Speaking of David Gibbons, the subject of the nine-panel grid was debated on Twitter the other day following a conversation spark from J.A. Micheline:

You can dig around on the chat that ensued at your leisure, but perhaps the most interesting was a response from Mr. 9 Panel Grid himself, Gibbons:

So there you have it! It was Gibbons himself who came up with the grid format for Watchmen, and Moore who decided to go pedal to the metal with his 10 pound scripts. Tire tread on burst stomach indeed.

While one thread that came out of the convo was questioning whether the 9-panel grid is hallowed for any reason besides its use in Watchmen, from where I sit, it’s useful because it sets the pace for readers. The most popular comics of all times in the US are comics strips, a rigid, concise format which allows for easy use of comic timing and presents no barriers of confusion for even non-visual readers.

Similarly in Watchmen, Moore and Gibbons were able to set up a comfortable framework for readers, and slight changes – or repetition – in layout or imagery easily conveyed meaning even if readers weren’t consciously aware of the technique. It’s most likely one of the reasons why Watchmen remains a gateway for even beginning comics readers.

As for Gibbons, I’m sure he’ll be explaining this and more in a tome called, not at all grandly, How Comics Work, written with Tim Pilcher and out this September (hm, also tying in with that Kingsman stuff we were just telling you about.) The book is published by Rotovision in the UK and Wellfleet Press here in the US. According to the blurb:

This “How It’s Done” series reveals insider hints, tips, and tricks from one of the world’s greatest comic creators in his own words. The artist behind juggernauts like Watchmen and The Green Lantern, Dave Gibbons is here to teach you scriptwriting, page layouts, lettering, cover designs, and more, and he’s doing it with scans of original artwork and rarely seen workings to illustrate his personal creative processes.

How Comics Work covers both Gibbons’ hand-drawn and digital design techniques in depth. An early adopter of computer design in comic creation, all his lettering is digital, and he even has his own ‘hand-lettered’ font. This is your chance to gain insight to Gibbons’ digital work, from his computer coloring and 3D modelling with Angus McKie on Give Me Liberty, to his work on The Originals using digital greytones. You’ll learn how he layers text for editing, creates effects such as flares and neon glows, and prepares artwork for print and online.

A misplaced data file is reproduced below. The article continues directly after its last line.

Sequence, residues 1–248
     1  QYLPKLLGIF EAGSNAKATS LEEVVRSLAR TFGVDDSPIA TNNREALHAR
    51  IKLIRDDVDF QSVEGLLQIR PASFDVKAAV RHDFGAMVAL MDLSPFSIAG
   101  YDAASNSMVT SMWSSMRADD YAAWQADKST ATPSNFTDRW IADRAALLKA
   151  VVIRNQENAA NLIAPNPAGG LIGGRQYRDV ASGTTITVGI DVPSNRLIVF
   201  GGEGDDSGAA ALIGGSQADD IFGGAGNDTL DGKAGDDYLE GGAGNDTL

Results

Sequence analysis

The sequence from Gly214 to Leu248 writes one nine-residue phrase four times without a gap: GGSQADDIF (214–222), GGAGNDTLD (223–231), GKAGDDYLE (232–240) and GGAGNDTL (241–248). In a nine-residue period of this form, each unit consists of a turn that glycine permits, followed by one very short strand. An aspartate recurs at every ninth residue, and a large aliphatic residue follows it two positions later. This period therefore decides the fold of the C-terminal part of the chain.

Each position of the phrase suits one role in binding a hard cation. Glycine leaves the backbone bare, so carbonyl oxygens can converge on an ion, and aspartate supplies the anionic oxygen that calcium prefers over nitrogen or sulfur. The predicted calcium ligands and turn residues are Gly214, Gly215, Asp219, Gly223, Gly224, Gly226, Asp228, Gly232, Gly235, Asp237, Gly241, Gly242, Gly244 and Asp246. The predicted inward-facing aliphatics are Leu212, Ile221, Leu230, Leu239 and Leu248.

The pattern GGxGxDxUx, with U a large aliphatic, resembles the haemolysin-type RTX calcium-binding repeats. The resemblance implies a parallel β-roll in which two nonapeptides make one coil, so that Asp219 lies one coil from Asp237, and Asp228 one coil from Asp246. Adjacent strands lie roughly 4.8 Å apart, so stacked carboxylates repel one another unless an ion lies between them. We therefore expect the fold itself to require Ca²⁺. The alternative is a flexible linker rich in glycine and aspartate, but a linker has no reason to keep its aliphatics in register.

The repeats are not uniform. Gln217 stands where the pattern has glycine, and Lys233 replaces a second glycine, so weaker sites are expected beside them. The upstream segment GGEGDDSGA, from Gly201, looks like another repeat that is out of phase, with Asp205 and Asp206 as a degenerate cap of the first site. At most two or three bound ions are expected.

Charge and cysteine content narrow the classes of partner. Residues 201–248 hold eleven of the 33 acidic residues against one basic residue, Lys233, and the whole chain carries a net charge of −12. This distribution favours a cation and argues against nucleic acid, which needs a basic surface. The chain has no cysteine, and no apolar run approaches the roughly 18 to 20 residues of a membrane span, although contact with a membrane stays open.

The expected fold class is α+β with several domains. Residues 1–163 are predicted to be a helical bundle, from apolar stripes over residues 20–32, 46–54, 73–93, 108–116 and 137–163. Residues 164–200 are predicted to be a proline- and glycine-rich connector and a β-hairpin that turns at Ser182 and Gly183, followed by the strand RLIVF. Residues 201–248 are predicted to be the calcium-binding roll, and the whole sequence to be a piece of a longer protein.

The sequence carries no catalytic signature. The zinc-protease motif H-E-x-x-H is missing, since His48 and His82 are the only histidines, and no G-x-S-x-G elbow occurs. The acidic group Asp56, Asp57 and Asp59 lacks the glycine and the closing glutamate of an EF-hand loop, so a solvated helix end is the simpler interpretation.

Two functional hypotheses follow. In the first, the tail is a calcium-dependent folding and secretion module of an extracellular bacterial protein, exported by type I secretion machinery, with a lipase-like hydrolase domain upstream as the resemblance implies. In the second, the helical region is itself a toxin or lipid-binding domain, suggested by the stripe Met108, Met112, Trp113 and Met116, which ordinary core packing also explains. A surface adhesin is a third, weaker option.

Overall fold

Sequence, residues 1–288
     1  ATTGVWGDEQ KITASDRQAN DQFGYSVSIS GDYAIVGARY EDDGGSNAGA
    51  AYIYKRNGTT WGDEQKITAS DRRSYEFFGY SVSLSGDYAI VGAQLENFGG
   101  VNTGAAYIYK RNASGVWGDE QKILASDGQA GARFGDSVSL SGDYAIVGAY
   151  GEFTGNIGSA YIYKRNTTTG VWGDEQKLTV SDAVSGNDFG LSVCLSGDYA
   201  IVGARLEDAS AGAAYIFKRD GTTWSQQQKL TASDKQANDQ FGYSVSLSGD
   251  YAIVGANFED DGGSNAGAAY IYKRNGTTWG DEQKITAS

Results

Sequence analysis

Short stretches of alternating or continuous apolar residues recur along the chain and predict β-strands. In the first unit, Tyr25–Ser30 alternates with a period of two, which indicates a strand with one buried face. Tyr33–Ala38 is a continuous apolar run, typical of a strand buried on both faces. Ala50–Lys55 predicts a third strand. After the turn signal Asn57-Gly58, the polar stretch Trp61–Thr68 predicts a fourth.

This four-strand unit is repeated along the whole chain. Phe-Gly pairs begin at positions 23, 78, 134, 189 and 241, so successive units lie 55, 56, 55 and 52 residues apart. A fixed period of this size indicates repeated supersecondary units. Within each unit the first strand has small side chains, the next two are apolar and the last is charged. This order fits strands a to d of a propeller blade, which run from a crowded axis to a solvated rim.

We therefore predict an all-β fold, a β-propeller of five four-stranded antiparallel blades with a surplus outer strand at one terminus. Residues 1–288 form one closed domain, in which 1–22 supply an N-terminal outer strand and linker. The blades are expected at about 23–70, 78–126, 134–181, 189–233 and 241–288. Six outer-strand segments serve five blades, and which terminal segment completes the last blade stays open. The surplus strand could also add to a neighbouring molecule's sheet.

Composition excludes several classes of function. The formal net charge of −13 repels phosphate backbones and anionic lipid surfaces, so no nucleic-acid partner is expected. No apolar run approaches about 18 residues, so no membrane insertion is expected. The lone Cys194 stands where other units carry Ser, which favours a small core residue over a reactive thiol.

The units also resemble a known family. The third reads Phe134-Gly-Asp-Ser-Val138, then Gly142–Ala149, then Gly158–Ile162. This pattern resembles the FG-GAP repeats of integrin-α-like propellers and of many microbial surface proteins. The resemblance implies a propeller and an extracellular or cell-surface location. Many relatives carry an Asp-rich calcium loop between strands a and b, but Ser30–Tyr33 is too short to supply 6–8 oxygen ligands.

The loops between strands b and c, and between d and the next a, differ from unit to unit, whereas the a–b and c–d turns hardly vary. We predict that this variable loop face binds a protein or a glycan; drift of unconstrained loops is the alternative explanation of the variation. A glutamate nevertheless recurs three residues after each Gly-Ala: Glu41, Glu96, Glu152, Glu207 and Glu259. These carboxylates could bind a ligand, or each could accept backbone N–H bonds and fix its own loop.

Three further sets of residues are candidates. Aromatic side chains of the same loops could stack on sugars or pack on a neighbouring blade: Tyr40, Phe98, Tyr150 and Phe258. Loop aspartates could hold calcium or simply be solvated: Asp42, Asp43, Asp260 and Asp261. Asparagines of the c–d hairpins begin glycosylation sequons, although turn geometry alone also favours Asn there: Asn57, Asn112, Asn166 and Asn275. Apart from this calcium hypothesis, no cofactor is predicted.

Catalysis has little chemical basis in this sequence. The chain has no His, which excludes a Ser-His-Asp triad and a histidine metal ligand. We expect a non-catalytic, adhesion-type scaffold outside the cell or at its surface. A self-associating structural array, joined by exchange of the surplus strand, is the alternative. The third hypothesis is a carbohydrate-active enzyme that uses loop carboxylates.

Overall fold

1. Giffen used the grid on legion during the 5YL era and that was certainly interesting. I believe he used it on Ambush Bug as well

  2. I was just wondering this yesterday. With all the hype being sent the way of Batman 21, it made me curious has Marvel ever used the 9 panel grid much?

  3. Harvey Kurtzman at EC had a particular way of using the nine-panel grid in which each 3-panel tier represented a complete action. If you see others use the grid, whether consciously or unconsciously, you can see the same dynamic at work.

    It does set up a pace for the reader and, when the creators opt for something like a splash page or double-page spread, doing so has that much more of an effect.

    In the recent Omega Men series, the nine-panel grid is used and the way the panel structure visually breaks down through the storytelling thematically reflects what is going on with the characters.

  4. “has Marvel ever used the 9 panel grid much?”

    Dave Gibbons, in a 1992 interview (along with Alan Moore) for the Canadian TV show PRISONERS OF GRAVITY (not the same as The Anti-Gravity Room, stop it right now), stated thae one of the inspirations for using the nine-panel grid came from the Spider-Man comics of Steve Ditko.





  5. Another aspect of the 9 panel grid that is important is that deviations from that grid become much more dramatic. The occasions where Gibbons used larger panels within his 9 panel format have more impact because they are much bigger than the vast majority of the panels in the rest of the story. The growing panel size in the classic “lifting the rubble” sequence in Amazing Spider-Man #33 is another example. Those panels would be less dramatic if large panels had been the established storytelling routine.

  6. I’ll be scripting a 9-panel page, forthcoming, for my own webcomic. It was actually rather exciting when I realised the plot for the page broke down precisely into 9 panels.

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